Microbes colonise all multicellular life, and the gut microbiome has been shown to influence a range of host physiological and behavioural phenotypes. One of the most intriguing and least understood of these influences lies in the domain of the microbiome's interactions with host social behaviour, with new evidence revealing that the gut microbiome makes important contributions to animal sociality

  • The evolution and physiology of male pregnancy in syngnathid fishes.
    Biol. Rev. (IF 10.701) Pub Date : 2020-05-05
    Camilla M Whittington,Christopher R Friesen

    The seahorses, pipefishes and seadragons (Syngnathidae) are among the few vertebrates in which pregnant males incubate developing embryos. Syngnathids are popular in studies of sexual selection, sex-role reversal, and reproductive trade-offs, and are now emerging as valuable comparative models for the study of the biology and evolution of reproductive complexity. These fish offer the opportunity to

  • Magnitude and direction of parasite-induced phenotypic alterations: a meta-analysis in acanthocephalans.
    Biol. Rev. (IF 10.701) Pub Date : 2020-04-27
    Marion Fayard,François-Xavier Dechaume-Moncharmont,Rémi Wattier,Marie-Jeanne Perrot-Minnot

    Several parasite species have the ability to modify their host's phenotype to their own advantage thereby increasing the probability of transmission from one host to another. This phenomenon of host manipulation is interpreted as the expression of a parasite extended phenotype. Manipulative parasites generally affect multiple phenotypic traits in their hosts, although both the extent and adaptive significance

  • Innovation in chimpanzees
    Biol. Rev. (IF 10.701) Pub Date : 2020-04-19
    Elisa Bandini; Rachel A. Harrison

    The study of innovation in non‐human animals (henceforth: animals) has recently gained momentum across fields including primatology, animal behaviour and cultural evolution. Examining the rate of innovations, and the cognitive mechanisms driving these innovations across species, can provide insights into the evolution of human culture. Especially relevant to the study of human culture is one of our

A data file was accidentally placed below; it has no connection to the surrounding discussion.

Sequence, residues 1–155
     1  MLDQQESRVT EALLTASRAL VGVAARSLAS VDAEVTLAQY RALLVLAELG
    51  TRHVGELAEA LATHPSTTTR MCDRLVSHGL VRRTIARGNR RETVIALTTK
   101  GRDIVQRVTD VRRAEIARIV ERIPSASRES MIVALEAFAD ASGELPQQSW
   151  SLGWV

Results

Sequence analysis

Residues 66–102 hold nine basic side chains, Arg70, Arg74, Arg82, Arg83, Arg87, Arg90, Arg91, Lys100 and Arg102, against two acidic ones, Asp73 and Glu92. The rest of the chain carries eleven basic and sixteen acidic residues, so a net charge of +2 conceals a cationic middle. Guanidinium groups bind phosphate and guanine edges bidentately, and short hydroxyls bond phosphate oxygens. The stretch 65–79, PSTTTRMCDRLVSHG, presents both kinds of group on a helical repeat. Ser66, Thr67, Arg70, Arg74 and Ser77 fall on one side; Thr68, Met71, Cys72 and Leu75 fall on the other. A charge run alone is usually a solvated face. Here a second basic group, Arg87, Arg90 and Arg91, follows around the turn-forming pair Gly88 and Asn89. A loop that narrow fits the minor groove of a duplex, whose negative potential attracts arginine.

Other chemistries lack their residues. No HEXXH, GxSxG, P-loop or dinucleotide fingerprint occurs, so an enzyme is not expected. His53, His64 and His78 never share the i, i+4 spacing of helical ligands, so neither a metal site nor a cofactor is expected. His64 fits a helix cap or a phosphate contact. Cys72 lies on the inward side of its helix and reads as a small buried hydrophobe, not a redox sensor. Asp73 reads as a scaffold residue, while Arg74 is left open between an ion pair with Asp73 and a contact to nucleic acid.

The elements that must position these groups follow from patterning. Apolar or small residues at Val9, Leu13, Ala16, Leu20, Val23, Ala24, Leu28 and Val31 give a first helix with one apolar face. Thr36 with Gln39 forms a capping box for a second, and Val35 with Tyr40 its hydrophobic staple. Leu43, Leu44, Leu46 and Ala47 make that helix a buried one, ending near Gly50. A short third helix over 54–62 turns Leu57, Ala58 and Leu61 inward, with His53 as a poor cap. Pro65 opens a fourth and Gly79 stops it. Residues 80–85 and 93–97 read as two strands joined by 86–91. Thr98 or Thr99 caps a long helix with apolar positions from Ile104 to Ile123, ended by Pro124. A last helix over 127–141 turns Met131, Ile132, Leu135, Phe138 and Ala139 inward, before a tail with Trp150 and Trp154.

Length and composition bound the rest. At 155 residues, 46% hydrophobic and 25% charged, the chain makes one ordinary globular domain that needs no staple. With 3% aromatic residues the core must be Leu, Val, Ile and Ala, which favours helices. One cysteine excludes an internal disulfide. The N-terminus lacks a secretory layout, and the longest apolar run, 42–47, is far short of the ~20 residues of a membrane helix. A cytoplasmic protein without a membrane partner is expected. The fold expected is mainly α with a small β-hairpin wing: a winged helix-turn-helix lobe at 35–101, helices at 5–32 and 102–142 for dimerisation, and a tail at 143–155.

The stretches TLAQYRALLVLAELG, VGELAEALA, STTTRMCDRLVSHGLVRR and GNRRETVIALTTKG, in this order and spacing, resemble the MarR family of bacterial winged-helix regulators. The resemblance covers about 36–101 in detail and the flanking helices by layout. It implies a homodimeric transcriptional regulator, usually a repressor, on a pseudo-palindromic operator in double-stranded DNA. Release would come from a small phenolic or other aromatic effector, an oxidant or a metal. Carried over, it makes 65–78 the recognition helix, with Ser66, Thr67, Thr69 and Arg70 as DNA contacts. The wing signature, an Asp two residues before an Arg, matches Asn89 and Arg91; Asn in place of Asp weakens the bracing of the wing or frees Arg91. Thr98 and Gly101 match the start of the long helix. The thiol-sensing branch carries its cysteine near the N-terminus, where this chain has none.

• Fungal evolution: cellular, genomic and metabolic complexity.
    Biol. Rev. (IF 10.701) Pub Date : 2020-04-17
    Miguel A Naranjo-Ortiz,Toni Gabaldón

    The question of how phenotypic and genomic complexity are inter-related and how they are shaped through evolution is a central question in biology that historically has been approached from the perspective of animals and plants. In recent years, however, fungi have emerged as a promising alternative system to address such questions. Key to their ecological success, fungi present a broad and diverse

  • Movement‐mediated community assembly and coexistence
    Biol. Rev. (IF 10.701) Pub Date : 2020-04-20
    Ulrike E. Schlägel; Volker Grimm; Niels Blaum; Pierluigi Colangeli; Melanie Dammhahn; Jana A. Eccard; Sebastian L. Hausmann; Antje Herde; Heribert Hofer; Jasmin Joshi; Stephanie Kramer‐Schadt; Magdalena Litwin; Sissi D. Lozada‐Gobilard; Marina E. H. Müller; Thomas Müller; Ran Nathan; Jana S. Petermann; Karin Pirhofer‐Walzl; Viktoriia Radchuk; Matthias C. Rillig; Manuel Roeleke; Merlin Schäfer; Cédric